# Integration with trigonometry substitution

How do you integrate:

$$\int \sqrt{\frac{(4x-3)}{1-x}}dx$$

hint given was $\frac{1}{1-x} = 4\sec^2(u)$ do i need to use trigonometric substitution for this? Even so, not sure how to solve it

After trying, the answer i got was $$u/2 +{1/2\sin u\cos u} + c$$ And after substitution to get back x, i got $$\frac{\arccos(2\sqrt(1-x))}{2} + \sqrt(1-x)\sqrt(4x-3) + c$$

Is this correct?

• Use $u$ substitution and write the square root as two square roots. So if $\sqrt{\frac{a}{b}}=\frac{\sqrt{a}}{\sqrt{b}}$ – Latin Wolf Mar 29 '18 at 13:48
• @ Latin Wolf, mind if you could elaborate more on using u substitution? – Isabella.T Mar 29 '18 at 14:02
• if you use the hint given in the problem you should end up with $\int \sin ^2udu$ – Lozenges Mar 29 '18 at 14:06
• @ Lozenges, how do i use the hint for the numerator? – Isabella.T Mar 29 '18 at 14:08
• from the hint $4-4x =\cos ^2u$ we get $4x-3=\sin ^2u$ and $4 \text{dx} = 2 \sin u \cos u \text{du}$ – Lozenges Mar 29 '18 at 14:11

I would Substitute $$t=\sqrt{\frac{4x-3}{x-1}}$$ then we get $$x=\frac{t^2-3}{t^2-4}$$ and $$dx=-\frac{2t}{(t^2-4)^2}dt$$ then we get $$-2\int \frac{t^2}{(t^2-4)^2}dt$$ Can you solve this? for your control we get $$-2(-1/4\, \left( t-2 \right) ^{-1}+1/8\,\ln \left( t-2 \right) -1/4\, \left( t+2 \right) ^{-1}-1/8\,\ln \left( t+2 \right) )+C$$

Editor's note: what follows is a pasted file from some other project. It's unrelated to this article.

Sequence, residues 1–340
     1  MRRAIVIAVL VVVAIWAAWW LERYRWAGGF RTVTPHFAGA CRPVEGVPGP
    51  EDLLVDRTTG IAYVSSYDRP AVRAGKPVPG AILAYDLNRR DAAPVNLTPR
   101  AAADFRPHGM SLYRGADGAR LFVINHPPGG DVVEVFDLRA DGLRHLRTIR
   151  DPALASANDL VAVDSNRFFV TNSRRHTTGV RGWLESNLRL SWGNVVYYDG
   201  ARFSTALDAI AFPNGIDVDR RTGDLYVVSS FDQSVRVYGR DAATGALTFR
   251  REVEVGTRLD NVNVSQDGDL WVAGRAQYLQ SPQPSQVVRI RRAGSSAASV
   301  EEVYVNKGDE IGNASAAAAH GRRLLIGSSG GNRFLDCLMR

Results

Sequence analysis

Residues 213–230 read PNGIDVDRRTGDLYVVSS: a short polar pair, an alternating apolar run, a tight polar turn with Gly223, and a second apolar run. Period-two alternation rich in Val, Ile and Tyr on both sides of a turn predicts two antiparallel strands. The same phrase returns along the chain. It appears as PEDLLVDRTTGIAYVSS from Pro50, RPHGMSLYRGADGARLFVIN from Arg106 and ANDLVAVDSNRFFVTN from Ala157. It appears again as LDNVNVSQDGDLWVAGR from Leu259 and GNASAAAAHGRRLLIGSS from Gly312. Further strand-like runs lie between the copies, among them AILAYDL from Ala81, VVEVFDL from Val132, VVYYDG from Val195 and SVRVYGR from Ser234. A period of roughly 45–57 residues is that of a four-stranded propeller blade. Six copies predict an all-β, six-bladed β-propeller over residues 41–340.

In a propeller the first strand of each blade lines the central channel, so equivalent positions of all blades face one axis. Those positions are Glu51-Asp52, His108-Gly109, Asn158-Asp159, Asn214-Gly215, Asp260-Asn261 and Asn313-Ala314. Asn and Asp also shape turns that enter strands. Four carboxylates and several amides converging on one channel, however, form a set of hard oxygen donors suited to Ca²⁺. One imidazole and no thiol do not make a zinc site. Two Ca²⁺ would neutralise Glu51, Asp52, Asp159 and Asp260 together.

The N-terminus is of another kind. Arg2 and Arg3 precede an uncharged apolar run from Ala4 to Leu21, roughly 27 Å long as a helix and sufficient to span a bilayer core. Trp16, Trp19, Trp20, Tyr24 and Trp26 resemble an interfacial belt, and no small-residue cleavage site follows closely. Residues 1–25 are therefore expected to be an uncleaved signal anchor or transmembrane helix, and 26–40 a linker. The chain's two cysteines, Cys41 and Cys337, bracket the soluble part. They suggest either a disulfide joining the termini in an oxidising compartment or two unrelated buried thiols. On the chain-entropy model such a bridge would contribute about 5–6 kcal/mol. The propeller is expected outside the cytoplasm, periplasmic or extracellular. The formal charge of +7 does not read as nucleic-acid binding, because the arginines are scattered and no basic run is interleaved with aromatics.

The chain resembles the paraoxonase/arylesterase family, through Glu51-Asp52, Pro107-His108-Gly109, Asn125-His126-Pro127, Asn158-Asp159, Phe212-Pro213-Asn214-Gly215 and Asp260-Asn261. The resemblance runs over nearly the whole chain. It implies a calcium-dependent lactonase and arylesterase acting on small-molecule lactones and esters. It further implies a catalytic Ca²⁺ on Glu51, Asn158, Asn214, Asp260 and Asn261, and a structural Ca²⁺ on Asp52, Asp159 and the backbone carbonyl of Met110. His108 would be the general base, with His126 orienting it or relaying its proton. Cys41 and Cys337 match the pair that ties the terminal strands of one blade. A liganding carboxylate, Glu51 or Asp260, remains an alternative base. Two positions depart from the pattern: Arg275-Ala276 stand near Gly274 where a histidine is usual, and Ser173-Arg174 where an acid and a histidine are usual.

• @ Dr. Sonnhard Graubner if I am not wrong $\int \frac{t^2}{(t^2-4)^2} dt= \int \frac{1}{t^2-4} dt + 4\int \frac{1}{(t^2-4)^2} dt$ – Latin Wolf Mar 29 '18 at 13:58
• use that $$\frac{t^2}{(t^2-4)^2}=1/4\, \left( t-2 \right) ^{-2}-1/8\, \left( t+2 \right) ^{-1}+1/8\, \left( t-2 \right) ^{-1}+1/4\, \left( t+2 \right) ^{-2}$$ – Dr. Sonnhard Graubner Mar 29 '18 at 14:02
hint: $$\frac{4x-3}{1-x}=-\frac{4(x-1)+1}{x-1}=-4+\frac{1}{1-x}$$
Using the hint $$\frac{1}{1-x} = 4\sec^2(u)\implies x=\frac{1}{8} (7-\cos (2 u))\implies dx=\frac{1}{4} \sin (2 u)\,du$$ So, after simplifications, $$\int \sqrt{\frac{4x-3}{1-x}}\,dx=\int \sin (u) \cos (u) \sqrt{\tan ^2(u)}\,du$$ I am sure that you can take it from here.
• Isn't your last integrand equal to $\sin^2(u)$ – Latin Wolf Mar 30 '18 at 3:04